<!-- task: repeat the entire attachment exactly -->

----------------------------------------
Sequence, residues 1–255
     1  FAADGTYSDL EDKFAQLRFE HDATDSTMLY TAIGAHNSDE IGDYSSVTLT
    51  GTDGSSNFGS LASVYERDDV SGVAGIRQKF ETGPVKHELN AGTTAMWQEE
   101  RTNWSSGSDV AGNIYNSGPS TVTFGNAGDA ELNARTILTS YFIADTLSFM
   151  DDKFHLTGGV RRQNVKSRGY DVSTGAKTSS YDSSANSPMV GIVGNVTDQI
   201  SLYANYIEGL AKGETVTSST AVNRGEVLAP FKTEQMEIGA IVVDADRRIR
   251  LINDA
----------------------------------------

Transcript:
Sequence, residues 1–255
     1  FAADGTYSDL EDKFAQLRFE HDATDSTMLY TAIGAHNSDE IGDYSSVTLT
    51  GTDGSSNFGS LASVYERDDV SGVAGIRQKF ETGPVKHELN AGTTAMWQEE
   101  RTNWSSGSDV AGNIYNSGPS TVTFGNAGDA ELNARTILTS YFIADTLSFM
   151  DDKFHLTGGV RRQNVKSRGY DVSTGAKTSS YDSSANSPMV GIVGNVTDQI
   201  SLYANYIEGL AKGETVTSST AVNRGEVLAP FKTEQMEIGA IVVDADRRIR
   251  LINDA